Many natural phenomena (population, wealth, sports, business, technology, etc.) have been shown empirically to exhibit such a distribution. Applying this principle to Software Testing – 80% of the defects are found in 20% of the modules. Yeah! That’s roughly true. And how do you identify such modules? It comes with experience my boy 😉 (Or girl)
Trivia: Management consultant Joseph M. Juran suggested the principle and named it after Italian economist Vilfredo Pareto. Pareto noticed that 80% of Italy’s land was owned by 20% of the population. He then carried out surveys on a variety of other countries and found to his surprise that a similar distribution applied.
5. The pesticide paradox
Trivia: The pesticide paradox states that applying pesticide to a pest may end up increasing the abundance of the pest if the pesticide upsets natural predator–prey dynamics in the ecosystem, i.e. the target pest has a naturally occurring predator that is equally affected by the pesticide.
Or in other words, if you keep running the same set of tests over and over again the software gets immune to testing, i.e. as the system evolves, many of the previously reported defects will have been fixed and the old test cases cannot find any new defects.
What’s the way out then? To overcome this “Pesticide Paradox”, the test cases need to be regularly reviewed & revised, adding new & different test cases to help find more defects.
6. Testing is context dependent
Context as in the environment, i.e. application type. All the developed software’s are not identical. You might use different methodologies, approach, method, techniques and types of testing depending upon the application type, whether it’s a Game, Mobile App, Cloud-based, Web-based, desktop application, embedded system, etc. After all testing an ATM machine will be different from testing Flipkart.
Click here to understand the difference using an example.
7. Absence of errors fallacy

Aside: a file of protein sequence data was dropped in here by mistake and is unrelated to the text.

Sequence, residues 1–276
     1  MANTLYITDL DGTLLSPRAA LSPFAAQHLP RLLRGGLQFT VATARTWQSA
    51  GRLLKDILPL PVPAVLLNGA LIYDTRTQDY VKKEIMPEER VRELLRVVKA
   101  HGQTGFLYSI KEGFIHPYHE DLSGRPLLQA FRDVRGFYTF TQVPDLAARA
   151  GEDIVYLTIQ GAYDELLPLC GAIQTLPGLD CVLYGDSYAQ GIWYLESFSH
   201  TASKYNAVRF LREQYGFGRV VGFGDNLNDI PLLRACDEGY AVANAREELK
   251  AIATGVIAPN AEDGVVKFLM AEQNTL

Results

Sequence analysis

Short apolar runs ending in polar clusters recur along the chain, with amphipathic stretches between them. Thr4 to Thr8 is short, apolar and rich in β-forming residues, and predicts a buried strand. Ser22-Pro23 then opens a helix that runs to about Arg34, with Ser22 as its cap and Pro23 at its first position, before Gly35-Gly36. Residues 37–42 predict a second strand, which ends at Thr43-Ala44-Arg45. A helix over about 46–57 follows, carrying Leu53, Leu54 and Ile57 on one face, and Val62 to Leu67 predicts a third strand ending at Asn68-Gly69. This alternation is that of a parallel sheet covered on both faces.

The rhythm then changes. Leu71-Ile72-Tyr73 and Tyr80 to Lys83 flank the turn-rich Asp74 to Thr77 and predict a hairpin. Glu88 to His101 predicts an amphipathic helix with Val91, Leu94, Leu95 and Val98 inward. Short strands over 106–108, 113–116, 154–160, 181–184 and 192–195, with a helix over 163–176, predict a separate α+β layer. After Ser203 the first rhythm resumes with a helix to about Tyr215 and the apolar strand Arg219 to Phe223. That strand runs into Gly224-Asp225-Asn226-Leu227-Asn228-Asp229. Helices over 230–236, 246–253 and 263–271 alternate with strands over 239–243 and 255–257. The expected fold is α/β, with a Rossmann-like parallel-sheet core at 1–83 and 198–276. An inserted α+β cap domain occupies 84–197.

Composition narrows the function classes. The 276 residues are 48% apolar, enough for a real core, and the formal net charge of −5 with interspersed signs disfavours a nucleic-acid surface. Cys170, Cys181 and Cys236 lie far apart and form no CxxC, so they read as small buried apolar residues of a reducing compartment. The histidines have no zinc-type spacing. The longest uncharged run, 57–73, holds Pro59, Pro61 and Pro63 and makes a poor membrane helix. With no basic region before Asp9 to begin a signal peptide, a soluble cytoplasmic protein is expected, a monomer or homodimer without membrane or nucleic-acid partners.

This is a bit tricky 😉 First of all don’t confuse this principle with 1 & 2. In simple terms:
- Testing is to identify defects, not to confirm that there are no defects.
- Even after complete testing, defects might be present in the system.
Coming to absence of errors fallacy, imagine you developed an e-commerce system & tested it completely. All the identified defects have been fixed & retested. 99% of the defects have been rectified. Management is pretty sure about the product quality w.r.t. defects. Now when the system is demonstrated to client, what if you get a feedback saying “Though it is so-called defect-free, but still this is not what I wanted. I wanted a simple UI that can handle the user load”?
Yeah! Everybody in the Test team was confident about the product ‘quality’ (absence of errors) but at the end it proved to be false (fallacy) – the system is not usable, it doesn’t fulfill client’s expectations 🙁
The lesson: Client’s requirement & expectations are as important as product quality. And it might change over time. Why do you think Agile methodology is so popular now-a-days? It allows continuous interaction with business users and rapid prototyping (minimum marketable feature or MMF) prevents unhappy clients at the end.
Now that you know the 7 fundamental principles of software testing, don’t forget the key take-away:
- Focus on designing the test cases that have maximum coverage and identify ‘maximum’ defects.
- Your quality of testing depends upon the risk-analysis, prioritization & techniques used.
- Software Testing should start as early as possible in the Software Development Life Cycle.
- 80% of the defects are found in 20% of the modules. Yeah! That’s roughly true. And how do you identify such modules? It comes with experience.
- The test cases need to be regularly reviewed & revised, adding new & different test cases to help find more defects.
- You might use different methodologies, approach, method, techniques and types of testing depending upon the application type.
- Client’s requirement & expectations are as important as product quality.